Will Electric Cars Require We Deal With “Lithium Dictators”?

In January, I wrote a piece for Triple Pundit prompted by President Obama’s State of the Union address, in which he outlined a goal to put a million electric vehicles on the road by 2015. I asked the question – is there is enough lithium supply to meet Obama’s EV goal? Since lithium-ion and lithium-polymer batteries are the preferred battery chemistry for the immediate future, this was an important consideration, and my conclusion was, that yes, there is enough lithium to reach the goal. This was based on known lithium reserves reported by the US Geological Survey (USGS), coupled with mining projections, indicating the manufacture of 4.5 million vehicles could be supported by 2020.

However, on June 30th, Fast Company ran “The Rush to Electric cars will replace oil Barons with Lithium Dictators”, which puts the lithium supply matter into a different context – less about whether there is enough, and more about whether we’re jumping out of the frying pan and into the fire as we move to EVs. Will it cause a shift away from the geo-political problems with oil to potentially equally difficult problems dealing with lithium producing countries like Bolivia, who are less than friendly to the USA? Re-framing the question as to whether or not an EV future requires we deal with dictators, I thought I’d take another look.

Since I wrote on the subject last time, the USGS has published their 2011 Mineral Commodities survey with some new data on lithium resources, some of which I’ve shown below. The data represents the estimated country reserves, adjusted between 2010 and 2011, along with the tonnage mined in 2010. “Reserves” means only the economically recoverable material, and gives an indication of where lithium is obtainable today. It should be noted, Bolivia is not included in the “reserves” figures by the USGS, as its lithium is not currently economically recoverable, despite the fact that the country has an estimated 9,000,000 ton identified lithium resource. It’s important to recognize that “reserves” and “resource” in this context are different. As a resource becomes a proven recoverable reserve, the reserve amount can rise. This is what the USGS reports:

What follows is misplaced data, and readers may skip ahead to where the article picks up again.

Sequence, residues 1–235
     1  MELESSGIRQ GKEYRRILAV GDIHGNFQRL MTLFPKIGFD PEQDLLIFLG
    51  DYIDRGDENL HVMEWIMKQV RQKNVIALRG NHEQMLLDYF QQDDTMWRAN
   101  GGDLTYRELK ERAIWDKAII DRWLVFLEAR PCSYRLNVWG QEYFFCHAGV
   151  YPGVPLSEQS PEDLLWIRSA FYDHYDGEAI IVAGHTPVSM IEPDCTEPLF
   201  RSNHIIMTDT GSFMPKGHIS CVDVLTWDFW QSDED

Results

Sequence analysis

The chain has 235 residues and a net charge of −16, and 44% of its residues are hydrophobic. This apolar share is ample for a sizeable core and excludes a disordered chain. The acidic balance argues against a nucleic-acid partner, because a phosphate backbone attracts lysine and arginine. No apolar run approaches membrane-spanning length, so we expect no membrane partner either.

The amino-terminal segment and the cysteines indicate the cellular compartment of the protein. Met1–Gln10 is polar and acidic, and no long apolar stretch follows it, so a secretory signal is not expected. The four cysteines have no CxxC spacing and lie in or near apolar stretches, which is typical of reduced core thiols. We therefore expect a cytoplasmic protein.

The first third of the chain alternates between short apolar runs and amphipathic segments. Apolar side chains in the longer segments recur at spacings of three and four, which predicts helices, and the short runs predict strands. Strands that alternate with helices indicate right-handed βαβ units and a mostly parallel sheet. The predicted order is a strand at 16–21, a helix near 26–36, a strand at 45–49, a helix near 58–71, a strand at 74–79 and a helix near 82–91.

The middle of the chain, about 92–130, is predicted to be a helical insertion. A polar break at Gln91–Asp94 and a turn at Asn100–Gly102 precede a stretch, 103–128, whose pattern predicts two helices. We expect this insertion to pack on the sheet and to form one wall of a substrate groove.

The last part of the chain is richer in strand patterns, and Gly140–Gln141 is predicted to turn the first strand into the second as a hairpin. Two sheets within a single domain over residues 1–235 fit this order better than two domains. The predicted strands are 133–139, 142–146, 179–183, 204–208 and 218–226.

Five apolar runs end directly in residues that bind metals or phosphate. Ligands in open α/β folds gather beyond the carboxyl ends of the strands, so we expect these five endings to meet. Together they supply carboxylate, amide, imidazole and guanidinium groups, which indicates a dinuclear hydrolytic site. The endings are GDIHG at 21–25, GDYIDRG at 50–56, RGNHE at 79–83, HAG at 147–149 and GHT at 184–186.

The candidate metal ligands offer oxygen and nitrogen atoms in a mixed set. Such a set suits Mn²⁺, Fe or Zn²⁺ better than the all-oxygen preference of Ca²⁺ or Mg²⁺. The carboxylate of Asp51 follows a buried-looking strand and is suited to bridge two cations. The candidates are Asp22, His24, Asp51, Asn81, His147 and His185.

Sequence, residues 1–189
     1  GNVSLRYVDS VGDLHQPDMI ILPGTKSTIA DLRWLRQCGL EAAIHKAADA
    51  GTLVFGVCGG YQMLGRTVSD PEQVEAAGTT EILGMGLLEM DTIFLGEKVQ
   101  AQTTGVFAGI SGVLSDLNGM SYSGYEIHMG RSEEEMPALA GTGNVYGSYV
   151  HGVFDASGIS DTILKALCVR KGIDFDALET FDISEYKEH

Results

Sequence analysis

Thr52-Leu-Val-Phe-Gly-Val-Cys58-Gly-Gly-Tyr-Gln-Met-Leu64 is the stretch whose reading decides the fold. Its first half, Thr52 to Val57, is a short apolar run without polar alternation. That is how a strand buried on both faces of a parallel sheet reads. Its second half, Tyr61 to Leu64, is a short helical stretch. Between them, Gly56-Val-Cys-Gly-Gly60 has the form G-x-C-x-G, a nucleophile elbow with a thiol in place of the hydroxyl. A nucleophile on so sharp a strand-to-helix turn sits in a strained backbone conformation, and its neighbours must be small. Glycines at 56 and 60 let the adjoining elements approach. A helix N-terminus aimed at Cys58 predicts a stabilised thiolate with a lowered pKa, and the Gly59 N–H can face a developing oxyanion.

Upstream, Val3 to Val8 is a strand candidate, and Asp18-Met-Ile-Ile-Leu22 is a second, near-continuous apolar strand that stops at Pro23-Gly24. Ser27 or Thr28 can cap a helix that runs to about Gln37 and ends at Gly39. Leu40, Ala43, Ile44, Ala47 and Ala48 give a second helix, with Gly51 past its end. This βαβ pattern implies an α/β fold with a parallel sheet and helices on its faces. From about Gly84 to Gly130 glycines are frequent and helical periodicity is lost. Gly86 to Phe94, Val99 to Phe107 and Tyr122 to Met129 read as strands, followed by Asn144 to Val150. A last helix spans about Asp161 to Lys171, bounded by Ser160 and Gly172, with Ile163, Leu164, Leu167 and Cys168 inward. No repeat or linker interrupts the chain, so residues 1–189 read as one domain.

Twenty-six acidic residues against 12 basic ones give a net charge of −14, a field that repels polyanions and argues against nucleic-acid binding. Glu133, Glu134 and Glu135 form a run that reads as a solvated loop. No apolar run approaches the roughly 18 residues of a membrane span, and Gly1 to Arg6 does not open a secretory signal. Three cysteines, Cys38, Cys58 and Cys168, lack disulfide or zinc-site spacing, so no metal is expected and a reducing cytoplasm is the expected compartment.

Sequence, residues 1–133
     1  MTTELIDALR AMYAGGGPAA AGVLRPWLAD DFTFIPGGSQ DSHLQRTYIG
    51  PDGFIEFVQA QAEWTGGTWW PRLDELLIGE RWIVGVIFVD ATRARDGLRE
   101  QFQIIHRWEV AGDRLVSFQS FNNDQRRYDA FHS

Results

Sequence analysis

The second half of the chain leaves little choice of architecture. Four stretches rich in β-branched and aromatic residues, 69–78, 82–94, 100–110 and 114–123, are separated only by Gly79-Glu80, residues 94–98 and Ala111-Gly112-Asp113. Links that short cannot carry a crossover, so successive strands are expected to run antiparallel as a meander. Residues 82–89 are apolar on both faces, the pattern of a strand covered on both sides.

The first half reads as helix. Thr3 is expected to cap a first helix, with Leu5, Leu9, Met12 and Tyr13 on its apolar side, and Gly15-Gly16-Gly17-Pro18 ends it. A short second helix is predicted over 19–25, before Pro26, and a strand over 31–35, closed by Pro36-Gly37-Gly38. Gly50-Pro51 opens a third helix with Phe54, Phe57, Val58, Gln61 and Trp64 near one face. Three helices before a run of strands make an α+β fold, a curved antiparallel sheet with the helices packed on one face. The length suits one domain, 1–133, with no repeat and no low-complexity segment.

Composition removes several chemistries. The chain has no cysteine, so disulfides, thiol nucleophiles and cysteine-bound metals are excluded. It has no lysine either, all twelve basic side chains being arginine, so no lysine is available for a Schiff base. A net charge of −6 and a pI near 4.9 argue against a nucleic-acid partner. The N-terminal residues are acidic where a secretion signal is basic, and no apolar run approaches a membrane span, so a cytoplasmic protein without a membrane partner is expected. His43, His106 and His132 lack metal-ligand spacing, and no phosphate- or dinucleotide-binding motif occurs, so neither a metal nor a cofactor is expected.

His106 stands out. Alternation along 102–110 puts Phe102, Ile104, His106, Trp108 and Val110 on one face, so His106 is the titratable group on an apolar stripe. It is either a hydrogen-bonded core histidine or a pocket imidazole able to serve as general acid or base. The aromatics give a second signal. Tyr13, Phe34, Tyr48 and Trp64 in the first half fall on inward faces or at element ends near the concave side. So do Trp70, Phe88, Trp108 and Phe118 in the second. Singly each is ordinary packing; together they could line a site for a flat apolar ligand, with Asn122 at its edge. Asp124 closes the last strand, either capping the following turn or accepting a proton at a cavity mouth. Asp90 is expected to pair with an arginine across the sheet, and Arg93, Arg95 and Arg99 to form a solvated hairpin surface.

Countryest. reserves ’10 reportest. reserves ’11 reportmined in 2010
USA38,000 tons38,000 tonswithheld data
Argentina800,000850,0002,900 tons
Canada180,000– –
Total9,900,00013,000,00025,300 (excluding US)